• Former shadow Wales secretary Jo Stevens is now on the justice committee, replacing Marie Rimmer, who has given up her position on being made shadow disabilities minister.

Labour reshuffle

A small Labour reshuffle has taken place after a number of frontbenchers resigned to vote against the EU bill which allowed the Prime Minister to trigger Article 50. Key appointments include Rebecca Long-Bailey as shadow business secretary, taking over from the resigning Clive Lewis, Peter Dowd who has replaced her as shadow chief secretary to the treasury, and Sue Hayman, who has replaced Rachel Maskell as shadow environment secretary.

Parliamentary by-elections

Labour candidate Gareth Snell held the Stoke-on-Trent Central by-election, but the party lost Copeland to Trudy Harrison, the Conservative candidate. A by-election will be held on 4 May in Manchester Gorton, following the death of the longstanding Labour MP Gerald Kaufman. The latest hereditary peer by-election saw Lord Colgrain elected by peers to the House of Lords.

UKIP defections

UKIP no longer have any representation in the House of Commons, as Douglas Carswell has left the party and is now sitting as an independent MP. His fellow defector from the Conservatives, Mark Reckless, has joined the Conservative group in the Welsh Assembly.

Other appointments

  • National security advisor Sir Mark Lyall Grant is to retire, and will be replaced by Home Office permanent secretary Mark Sedwill.
  • The new permanent secretary at the Home Office will be Philip Rutnam, who is moving from the Department for Transport.

Dates for your diary

20 Apr

NCVO Annual Conference

4 May

Local elections in England, Scotland and Wales, regional mayoral elections in England

11 May

NCVO National Volunteering Forum

17 May

Expected date for Queen’s speech

1-7 Jun

Volunteers’ Week

7 Sept

NCVO Campaigning Conference


How can charities best influence Brexit?

Many charities will have identified the key issues that they think could affect them after Brexit, and now the two years we have to negotiate under Article 50 are counting down, the question for many charities will be how to influence those priorities. As a starting point, individual departments are probably the best place to get detailed answers on your policy questions and to inform the policy decisions made by the government once we leave the EU.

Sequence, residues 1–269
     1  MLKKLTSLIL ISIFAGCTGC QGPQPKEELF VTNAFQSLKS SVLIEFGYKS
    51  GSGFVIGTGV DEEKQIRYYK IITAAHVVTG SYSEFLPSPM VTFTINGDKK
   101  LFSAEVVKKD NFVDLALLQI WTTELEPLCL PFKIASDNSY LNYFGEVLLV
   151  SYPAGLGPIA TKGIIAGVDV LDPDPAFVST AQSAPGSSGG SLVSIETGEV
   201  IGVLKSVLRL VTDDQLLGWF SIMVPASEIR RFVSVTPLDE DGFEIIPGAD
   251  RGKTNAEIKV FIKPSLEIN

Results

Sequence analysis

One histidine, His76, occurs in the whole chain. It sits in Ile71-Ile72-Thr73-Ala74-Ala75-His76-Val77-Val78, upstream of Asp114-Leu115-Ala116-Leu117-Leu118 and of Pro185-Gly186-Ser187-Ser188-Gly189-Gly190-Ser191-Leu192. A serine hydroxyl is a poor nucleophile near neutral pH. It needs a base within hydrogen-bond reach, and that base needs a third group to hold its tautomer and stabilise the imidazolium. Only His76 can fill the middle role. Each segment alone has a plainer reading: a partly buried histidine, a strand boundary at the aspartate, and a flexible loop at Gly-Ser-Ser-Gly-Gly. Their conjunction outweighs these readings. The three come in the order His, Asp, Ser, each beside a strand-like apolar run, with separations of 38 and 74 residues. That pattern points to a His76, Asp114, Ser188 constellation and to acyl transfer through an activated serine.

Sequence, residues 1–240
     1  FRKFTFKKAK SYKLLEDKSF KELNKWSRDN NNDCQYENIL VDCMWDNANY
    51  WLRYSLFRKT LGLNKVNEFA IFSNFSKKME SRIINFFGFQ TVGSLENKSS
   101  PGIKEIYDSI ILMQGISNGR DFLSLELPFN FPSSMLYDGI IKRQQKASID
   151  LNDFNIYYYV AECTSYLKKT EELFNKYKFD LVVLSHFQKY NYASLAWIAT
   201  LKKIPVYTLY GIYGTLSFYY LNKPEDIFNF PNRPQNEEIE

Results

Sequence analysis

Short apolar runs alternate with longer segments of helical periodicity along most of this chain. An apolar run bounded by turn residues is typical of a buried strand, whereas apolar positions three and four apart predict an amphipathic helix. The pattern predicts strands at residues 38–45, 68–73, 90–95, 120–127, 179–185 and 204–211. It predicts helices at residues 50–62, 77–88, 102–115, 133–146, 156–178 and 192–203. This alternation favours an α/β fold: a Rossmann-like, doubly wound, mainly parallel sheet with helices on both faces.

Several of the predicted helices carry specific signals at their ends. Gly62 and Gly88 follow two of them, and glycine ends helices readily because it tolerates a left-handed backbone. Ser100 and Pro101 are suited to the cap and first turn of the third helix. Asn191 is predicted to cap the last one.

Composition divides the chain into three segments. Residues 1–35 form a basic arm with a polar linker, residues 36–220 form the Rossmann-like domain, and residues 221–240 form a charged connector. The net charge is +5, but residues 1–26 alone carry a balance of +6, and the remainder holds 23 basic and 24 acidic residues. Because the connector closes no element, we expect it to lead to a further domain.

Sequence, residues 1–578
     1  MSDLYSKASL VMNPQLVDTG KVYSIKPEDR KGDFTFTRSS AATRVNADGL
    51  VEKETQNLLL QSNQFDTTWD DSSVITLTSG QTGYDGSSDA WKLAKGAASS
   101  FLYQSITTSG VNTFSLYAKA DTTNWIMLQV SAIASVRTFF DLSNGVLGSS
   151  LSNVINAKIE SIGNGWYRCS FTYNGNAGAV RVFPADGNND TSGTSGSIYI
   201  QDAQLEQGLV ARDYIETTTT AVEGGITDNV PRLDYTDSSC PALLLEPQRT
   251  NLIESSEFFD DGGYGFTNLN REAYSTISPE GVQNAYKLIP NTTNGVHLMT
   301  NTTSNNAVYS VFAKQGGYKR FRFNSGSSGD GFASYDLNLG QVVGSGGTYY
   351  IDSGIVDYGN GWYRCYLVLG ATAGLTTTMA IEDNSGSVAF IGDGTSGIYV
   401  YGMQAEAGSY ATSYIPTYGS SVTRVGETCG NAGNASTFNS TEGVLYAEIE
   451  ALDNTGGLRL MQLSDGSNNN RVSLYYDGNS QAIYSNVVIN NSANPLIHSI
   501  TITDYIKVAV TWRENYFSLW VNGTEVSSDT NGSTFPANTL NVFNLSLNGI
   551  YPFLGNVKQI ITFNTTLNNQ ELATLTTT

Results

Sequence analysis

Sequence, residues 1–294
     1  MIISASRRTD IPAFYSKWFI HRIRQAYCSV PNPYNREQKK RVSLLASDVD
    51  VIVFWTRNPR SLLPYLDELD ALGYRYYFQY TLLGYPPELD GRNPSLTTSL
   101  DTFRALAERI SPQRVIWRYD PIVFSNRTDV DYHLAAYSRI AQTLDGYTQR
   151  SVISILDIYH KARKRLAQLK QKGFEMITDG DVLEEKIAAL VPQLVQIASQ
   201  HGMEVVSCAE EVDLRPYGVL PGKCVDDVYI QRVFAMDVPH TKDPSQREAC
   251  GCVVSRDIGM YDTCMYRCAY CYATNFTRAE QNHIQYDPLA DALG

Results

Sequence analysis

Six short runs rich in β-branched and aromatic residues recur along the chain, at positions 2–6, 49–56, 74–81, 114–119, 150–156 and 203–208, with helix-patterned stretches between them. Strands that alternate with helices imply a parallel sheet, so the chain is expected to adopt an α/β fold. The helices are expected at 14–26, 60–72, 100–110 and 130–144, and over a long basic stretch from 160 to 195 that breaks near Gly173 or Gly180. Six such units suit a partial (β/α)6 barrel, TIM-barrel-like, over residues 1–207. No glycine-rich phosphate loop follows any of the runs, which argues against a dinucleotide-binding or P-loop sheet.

The Department for Exiting the EU are however listening to representations, particular from sector bodies, and it’s worth making contact with them, particularly if the issues of most importance to you are likely to form part of the negotiations.

Finally, with the Queen’s speech coming up, you will need to make sure you have at least one eye on parliament for the next few years. Aside from the great repeal bill, there are likely to be a number of pieces of legislation dealing with substantive issues arising from Brexit, such as immigration, trade and agriculture. It may be that these less heralded parts of the Brexit timetable are where charities most need to have their voices heard to shape the UK post-Brexit.

These bills (between 7 and 15 depending on who you listen to), will be much broader in scope than the great repeal bill, and will bring a number of areas that have been effectively delegated to the EU, back into UK primary legislation – so in some areas, charities may find it easier to influence than before. The other thing to remember is that this legislative focus on Brexit is going to limit the amount of parliamentary time on a range of key issues, so if you get a relevant bill that gives you the opportunity to put forward policy solutions, you may need to make the most of it.

NCVO can help you to navigate Westminster and Whitehall

Get your voice is heard by those making the decisions. We can provide a range of advice, support and training, contact This email address is being protected from spambots. You need JavaScript enabled to view it. for details.

Our upcoming courses include training on:

Our annual campaigning conference takes place on 7 September this year. Book now to join us for the major campaigning event of the year, keeping you up to date with the latest issues and trends affecting charity campaigners.